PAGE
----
Is EGR/EGR cooling still much of a factor now that the NOx is being controlled with DEF? (EGR is used much less and the fact that it lowers combustion temperature should offset, to some degree, the taxing of the cooling system caused by the EGR cooler) Any idea how the surface area of the radiators on the new Fords compare to the surface area of the air to air and radiator on the Ram? Does the current Ram use the same cooling system that they used on the 385 hp/865 lbft engine. It would be interesting to know how many btu/min these pick up truck cooling systems can dissipate vs the cooling system on something like a class 8 highway tractor.

ShinerBock

SATX

Senior Member

Joined: 02/22/2015

View Profile



Posted: 11/09/20 07:48pm Link  |  Quote  |  Print  |  Notify Moderator

Coolant still flows through the EGR cooler regardless of whether the EGR valve on the other side of the cooler is open to let cooled exhaust escape into the intake or not. You also have coolant cooling down the electronic turbo actuator which gets very hot.

I don't care about the surface area of the new Ford's or Ram are and don't want to make this into a fanboy p!$$ing contest thread of comparing trucks neither if us own or drive. This thread is about tuned diesels and how well they tow at different power levels which I am providing my own real world experience on.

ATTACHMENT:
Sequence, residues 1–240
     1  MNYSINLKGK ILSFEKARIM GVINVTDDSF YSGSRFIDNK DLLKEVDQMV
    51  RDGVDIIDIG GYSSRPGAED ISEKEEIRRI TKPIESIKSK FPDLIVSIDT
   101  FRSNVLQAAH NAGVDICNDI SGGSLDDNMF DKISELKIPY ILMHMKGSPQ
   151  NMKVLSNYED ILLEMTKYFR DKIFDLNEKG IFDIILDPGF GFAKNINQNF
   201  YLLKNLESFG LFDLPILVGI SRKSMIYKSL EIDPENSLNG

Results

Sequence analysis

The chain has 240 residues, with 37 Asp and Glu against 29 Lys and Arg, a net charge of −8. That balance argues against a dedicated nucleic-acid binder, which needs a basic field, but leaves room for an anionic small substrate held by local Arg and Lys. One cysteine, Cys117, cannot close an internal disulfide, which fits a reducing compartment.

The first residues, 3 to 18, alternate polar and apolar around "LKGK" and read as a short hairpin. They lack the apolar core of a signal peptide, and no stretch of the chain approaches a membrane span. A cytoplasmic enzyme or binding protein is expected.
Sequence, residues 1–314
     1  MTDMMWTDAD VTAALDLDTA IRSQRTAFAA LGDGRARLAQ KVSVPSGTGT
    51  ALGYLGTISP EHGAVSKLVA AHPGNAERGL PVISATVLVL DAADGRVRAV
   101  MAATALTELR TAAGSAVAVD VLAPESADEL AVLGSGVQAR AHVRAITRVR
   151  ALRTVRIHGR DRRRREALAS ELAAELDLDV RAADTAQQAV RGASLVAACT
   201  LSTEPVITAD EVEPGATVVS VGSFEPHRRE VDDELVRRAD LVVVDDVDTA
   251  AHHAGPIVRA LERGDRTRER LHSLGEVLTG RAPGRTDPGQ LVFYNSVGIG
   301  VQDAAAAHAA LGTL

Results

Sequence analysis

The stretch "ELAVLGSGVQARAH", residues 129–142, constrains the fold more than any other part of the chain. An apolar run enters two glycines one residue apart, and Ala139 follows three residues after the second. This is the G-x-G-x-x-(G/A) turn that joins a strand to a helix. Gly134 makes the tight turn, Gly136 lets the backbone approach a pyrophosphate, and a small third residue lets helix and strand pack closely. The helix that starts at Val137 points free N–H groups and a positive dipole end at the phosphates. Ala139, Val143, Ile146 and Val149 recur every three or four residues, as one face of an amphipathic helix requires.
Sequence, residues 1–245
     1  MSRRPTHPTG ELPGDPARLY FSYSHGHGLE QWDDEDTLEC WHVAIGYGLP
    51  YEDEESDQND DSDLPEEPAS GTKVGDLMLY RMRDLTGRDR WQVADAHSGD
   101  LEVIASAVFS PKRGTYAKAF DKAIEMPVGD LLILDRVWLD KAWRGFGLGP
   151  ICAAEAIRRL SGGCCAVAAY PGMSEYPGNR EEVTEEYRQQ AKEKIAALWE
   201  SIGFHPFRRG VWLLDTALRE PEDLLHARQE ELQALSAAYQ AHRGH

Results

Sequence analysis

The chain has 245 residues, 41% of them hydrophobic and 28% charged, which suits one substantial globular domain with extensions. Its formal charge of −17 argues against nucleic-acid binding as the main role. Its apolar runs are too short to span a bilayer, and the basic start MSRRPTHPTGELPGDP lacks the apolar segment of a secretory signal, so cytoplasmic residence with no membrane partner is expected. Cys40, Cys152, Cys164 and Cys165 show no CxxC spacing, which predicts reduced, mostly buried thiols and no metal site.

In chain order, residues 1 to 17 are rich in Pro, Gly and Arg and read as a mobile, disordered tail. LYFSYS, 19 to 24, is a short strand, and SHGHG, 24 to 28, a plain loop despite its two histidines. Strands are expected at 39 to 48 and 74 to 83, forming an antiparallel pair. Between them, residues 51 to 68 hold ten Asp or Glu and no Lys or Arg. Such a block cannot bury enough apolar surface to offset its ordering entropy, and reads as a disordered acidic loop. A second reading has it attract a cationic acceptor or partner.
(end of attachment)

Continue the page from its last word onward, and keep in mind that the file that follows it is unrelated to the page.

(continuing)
* This post was edited 11/09/20 09:05pm by ShinerBock *

4x4ord

Alberta

Senior Member

Joined: 12/23/2010

View Profile



Posted: 11/10/20 04:40am Link  |  Quote  |  Print  |  Notify Moderator

I was able to find the dimensions of the radiator used on the 2013 - 2018 Ram. It has a surface area of 588 square inches. For comparison the rad used on a 2008 - 2016 Peterbilt class 8 has a surface area of 1672 square inches. It seems to me that a person better be watching his gauges very closely if he’s going to tow with a tuned truck. Years ago I added power to a Duramax and destroyed the transmission towing with it.

Reply to Topic  |  Subscribe  |  Print Topic  |  Post New Topic  | 
Page of 6  
Prev  |  Next

Open Roads Forum  >  Tow Vehicles

 > Those that have tuned or programmed
Search:   Advanced Search

Search only in Tow Vehicles


New posts No new posts
Closed, new posts Closed, no new posts
Moved, new posts Moved, no new posts

Adjust text size:




© 2021 CWI, Inc. © 2021 Good Sam Enterprises, LLC. All Rights Reserved.